The US government introduced last week a ban that affects all direct flights to the US originating from certain Middle Eastern and North African (MENA) countries. It came into effect March 21, and covers flights from major MENA countries including Saudi Arabia, Turkey, Egypt, Jordan, Kuwait, Qatar, the UAE and Morocco.
The information provided by US officials on condition of anonymity claims the ban is being introduced for security reasons. It will be temporary but for an indefinite period. The instruments covered by the ban are laptops, iPads, cameras and most other electronics carried in airplane cabins. Cell phones and medical devices are excluded from the ban.
Cameras are not that important, but a laptop is for a trans-Atlantic traveler because flights from MENA to the US take 10 to 15 hours. Many passengers want to use their laptops for work. A businessman or academic may use these 10-15 hours productively. It is unfair to deprive them of that opportunity. Whichever way you look at it, the justification for the ban fails the test of logic from several standpoints.
First, one of the reasons for the ban is that such devices may explode in the cabin, but the same device is allowed in the luggage department of the same plane. If it explodes in the cabin, it is easier to control the effects of the explosion. It will probably slightly hurt the person who carries the device, and if it causes a small fire it can be extinguished easily without putting at risk the entire plane.
But if the device explodes in the luggage department, it may cause a fire that cannot be extinguished because there is nobody to do so in that department, so the plane will crash with all its passengers. The ban fails to explain why this comparison was not taken into account.
Second, similar explosions may occur in flights originating from countries that are not covered by the ban. Some, not all, US airports are equipped with computer tomography scanners that can detect better than x-ray machines whether there is a hazardous electronic device. So a potential terrorist could carry out his ominous plan by boarding a plane in a US airport that is not equipped with a computer tomography scanner.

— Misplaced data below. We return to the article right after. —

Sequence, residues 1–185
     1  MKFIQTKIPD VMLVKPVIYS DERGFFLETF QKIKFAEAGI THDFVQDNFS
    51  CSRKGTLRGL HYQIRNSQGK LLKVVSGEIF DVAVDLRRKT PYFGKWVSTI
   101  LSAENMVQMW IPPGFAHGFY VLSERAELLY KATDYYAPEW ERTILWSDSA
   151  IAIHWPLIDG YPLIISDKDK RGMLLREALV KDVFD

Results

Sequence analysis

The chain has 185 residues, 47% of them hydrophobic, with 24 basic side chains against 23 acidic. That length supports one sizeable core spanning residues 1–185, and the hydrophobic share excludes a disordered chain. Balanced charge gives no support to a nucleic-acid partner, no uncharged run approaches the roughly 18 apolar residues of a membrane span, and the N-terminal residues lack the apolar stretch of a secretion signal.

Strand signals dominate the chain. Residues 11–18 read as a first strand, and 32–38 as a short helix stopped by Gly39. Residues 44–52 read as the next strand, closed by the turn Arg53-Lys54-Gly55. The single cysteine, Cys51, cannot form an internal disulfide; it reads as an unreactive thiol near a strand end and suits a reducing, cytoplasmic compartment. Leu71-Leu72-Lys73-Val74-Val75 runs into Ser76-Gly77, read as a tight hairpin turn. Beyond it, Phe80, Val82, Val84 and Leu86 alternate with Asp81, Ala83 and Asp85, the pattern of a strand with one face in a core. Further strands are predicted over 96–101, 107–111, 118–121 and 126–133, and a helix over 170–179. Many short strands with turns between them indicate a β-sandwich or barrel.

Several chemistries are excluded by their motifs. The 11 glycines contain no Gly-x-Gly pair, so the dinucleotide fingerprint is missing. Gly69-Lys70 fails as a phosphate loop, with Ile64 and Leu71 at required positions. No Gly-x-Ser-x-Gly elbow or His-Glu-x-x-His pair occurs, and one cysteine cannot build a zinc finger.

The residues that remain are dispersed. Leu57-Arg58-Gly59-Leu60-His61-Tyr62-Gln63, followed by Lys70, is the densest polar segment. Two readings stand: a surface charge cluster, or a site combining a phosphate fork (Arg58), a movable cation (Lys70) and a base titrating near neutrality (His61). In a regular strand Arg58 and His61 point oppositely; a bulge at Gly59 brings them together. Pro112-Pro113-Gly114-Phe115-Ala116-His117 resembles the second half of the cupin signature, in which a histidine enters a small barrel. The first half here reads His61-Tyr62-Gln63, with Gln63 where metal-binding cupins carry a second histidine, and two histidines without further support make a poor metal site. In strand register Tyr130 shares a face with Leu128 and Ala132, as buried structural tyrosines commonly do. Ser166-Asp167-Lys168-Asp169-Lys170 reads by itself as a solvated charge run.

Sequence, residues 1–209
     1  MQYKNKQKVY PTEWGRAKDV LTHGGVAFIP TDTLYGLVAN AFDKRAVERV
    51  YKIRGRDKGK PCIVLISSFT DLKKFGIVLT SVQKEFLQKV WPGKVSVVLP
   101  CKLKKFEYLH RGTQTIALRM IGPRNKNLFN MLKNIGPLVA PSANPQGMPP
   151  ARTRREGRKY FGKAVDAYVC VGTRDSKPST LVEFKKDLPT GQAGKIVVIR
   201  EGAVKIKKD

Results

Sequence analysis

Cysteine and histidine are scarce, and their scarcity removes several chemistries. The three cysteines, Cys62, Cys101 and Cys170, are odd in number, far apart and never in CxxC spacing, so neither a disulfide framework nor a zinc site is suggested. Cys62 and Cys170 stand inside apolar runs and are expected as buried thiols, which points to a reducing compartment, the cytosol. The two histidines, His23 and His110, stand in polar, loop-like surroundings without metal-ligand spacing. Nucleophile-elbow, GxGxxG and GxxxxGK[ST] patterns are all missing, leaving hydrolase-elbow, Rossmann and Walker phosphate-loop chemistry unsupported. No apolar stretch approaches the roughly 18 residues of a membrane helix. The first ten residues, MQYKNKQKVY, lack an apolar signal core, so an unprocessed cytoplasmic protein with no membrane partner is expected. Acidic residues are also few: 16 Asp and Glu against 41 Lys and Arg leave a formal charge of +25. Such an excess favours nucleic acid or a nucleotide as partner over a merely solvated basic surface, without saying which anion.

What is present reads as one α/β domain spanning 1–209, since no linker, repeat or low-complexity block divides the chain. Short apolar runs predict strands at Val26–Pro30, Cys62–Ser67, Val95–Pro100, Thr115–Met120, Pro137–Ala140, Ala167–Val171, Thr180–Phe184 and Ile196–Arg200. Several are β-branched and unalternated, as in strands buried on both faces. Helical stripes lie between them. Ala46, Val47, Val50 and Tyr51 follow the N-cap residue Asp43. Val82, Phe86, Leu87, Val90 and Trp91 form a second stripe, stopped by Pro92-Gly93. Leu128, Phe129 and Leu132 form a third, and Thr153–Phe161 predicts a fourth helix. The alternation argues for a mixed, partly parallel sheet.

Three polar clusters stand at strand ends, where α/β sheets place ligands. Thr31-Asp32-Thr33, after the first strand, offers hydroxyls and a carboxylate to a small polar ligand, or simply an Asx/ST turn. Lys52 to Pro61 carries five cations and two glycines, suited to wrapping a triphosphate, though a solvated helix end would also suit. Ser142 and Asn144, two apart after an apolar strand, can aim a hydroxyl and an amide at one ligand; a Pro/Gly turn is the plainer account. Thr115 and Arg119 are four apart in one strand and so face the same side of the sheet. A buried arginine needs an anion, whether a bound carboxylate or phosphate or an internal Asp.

It is consistent with President Donald Trump’s policy to prioritize the protection of US interests. It will definitely contribute to achieving this goal, but its compatibility with ethics is questionable.
Third, if the ban is introduced because MENA airports are not equipped with these scanners, the US could have asked these countries to install them. I do not think the relevant authorities would oppose this because it is an added safety measure for their national carriers.
Fourth, what if a passenger who carries an electronic device that could explode during the flight goes first from a MENA country to a European city, and continues his flight from there to the US? The ban ignores the fact that such a passenger is still a security risk for the US, but he or she is allowed to travel when the flight is split into two parts.
The UK introduced in 2006 a similar ban on electronic equipment, which caused a steep increase in luggage thefts.
All these inconsistencies indicate that a more important reason behind the ban is commercial rather than security. For several years, many US and European airlines have complained about the decline of their MENA market share. Airports such as Dubai, Istanbul and Cairo have become major hubs for long-haul flights, and these countries’ national carriers have developed very fast, to the detriment of US and European competitors.
So European airlines may have encouraged the US to take such a measure, in the hope that many passengers would then prefer to split their flight. MENA airports that have become a regional hub will suffer.
The ban is consistent with President Donald Trump’s policy to prioritize the protection of US interests. It will definitely contribute to achieving this goal, but its compatibility with ethics is questionable.
• Yasar Yakis is a former foreign minister of Turkey and founding member of the ruling AK Party.